see the problem as one of control, so we added a fundamentally new feature: a
    repositionable "power grip" that can be located and locked anywhere
    on the shaft.  With greatly improved leverage, it's incredibly easy - up to 70% easier than
    conventional umbrellas - to comfortably brace the umbrella against the wind
    WITH ONE HAND and maintain control in gusts.  And in calm conditions, the
    umbrella feels lighter because it's held close to the natural balance point.  Grab Control. 
    Stay Dry.  GRIP2.  Check out our
    website: www.grip2umbrellas.com     

  • guest

    Perhaps not perfect, but I'm willing to take a blind spot and some wet hands over an inside-out umbrella any day. There simply must be a better alternative to the traditional umbrella and this seems like a step in the right direction!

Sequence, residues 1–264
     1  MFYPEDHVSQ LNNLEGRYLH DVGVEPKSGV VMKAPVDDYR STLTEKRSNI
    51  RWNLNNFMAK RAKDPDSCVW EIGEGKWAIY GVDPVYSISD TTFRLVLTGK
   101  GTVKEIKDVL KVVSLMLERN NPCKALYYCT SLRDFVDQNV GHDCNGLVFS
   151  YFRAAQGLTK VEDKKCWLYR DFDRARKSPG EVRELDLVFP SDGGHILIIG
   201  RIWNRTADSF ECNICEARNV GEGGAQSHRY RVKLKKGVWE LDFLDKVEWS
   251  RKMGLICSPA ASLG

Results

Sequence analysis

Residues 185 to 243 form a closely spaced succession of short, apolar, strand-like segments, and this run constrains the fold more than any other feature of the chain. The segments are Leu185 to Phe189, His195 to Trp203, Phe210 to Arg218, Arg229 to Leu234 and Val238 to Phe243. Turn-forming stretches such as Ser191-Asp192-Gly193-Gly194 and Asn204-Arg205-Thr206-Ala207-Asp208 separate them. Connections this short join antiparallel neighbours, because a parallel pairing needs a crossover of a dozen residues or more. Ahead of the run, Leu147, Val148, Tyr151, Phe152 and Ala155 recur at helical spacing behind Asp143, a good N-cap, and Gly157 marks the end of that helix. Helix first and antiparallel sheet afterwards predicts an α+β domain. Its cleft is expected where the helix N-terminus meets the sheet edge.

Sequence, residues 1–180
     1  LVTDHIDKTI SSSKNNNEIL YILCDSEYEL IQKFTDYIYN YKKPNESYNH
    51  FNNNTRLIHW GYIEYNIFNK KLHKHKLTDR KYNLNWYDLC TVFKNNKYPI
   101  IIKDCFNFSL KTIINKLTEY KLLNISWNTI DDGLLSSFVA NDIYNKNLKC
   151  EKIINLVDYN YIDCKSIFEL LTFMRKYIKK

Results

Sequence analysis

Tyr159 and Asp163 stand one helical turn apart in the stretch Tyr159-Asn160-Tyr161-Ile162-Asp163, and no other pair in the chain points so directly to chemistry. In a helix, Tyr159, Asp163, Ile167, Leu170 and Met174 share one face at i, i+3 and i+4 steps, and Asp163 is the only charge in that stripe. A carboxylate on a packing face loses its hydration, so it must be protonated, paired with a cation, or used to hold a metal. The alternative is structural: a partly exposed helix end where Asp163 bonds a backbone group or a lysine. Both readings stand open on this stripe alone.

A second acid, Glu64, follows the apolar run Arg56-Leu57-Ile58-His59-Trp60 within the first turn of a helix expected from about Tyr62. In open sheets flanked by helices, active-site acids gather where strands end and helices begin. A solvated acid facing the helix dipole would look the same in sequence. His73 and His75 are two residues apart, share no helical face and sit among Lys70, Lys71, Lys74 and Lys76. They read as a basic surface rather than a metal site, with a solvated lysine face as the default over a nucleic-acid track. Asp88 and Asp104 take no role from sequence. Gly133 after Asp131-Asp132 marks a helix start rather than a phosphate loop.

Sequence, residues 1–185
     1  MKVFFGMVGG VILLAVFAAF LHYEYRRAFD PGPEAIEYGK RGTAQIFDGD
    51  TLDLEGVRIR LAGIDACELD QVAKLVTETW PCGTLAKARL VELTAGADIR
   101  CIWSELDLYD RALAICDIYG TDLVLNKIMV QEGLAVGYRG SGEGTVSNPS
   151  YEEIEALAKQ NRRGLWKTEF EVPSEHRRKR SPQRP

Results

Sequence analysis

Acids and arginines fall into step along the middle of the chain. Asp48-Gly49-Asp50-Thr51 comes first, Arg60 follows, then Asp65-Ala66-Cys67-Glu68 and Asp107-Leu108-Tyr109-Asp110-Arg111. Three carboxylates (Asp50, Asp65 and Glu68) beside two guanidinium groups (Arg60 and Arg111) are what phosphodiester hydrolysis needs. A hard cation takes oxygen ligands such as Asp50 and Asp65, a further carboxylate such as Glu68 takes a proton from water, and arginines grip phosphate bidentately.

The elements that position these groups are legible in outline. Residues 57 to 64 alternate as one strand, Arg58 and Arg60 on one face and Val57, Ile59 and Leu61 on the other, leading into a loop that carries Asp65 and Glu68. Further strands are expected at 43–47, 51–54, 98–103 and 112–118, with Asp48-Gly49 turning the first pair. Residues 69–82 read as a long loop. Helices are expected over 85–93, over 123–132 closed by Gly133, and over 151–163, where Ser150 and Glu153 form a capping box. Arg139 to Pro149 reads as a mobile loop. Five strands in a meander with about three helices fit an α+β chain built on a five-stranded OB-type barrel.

• Joydot

    visual blind easily overcome yet sail issue problematic. but i really hope someone cracks this code because i've just chucked yet another 'high tech' umb after a few uses because the lightweight strut broke (fabric, reflective stripes were still shiny beautiful).

  • smart3r

    Pretty slick idea, interesting design. 

    I'd love to the material altered a bit, semi transparent fabric with UV protection would be awesome (Jeep Wrangler bikini leverage a similar material). I see people all the time using umbrellas to protect their skin from the sun. Umbrellas are not just for rainy days.
    - Russ

  • Santiago Nader

    Good to see someone trying to reinvent a product as traditional as the umbrella. A couple of thing: as some pointed out, you get your hands wet when folding. When folded the regular umbrella can be left pointing down to let it dry but apparently this one will hold the water inside so it will take longer to dry.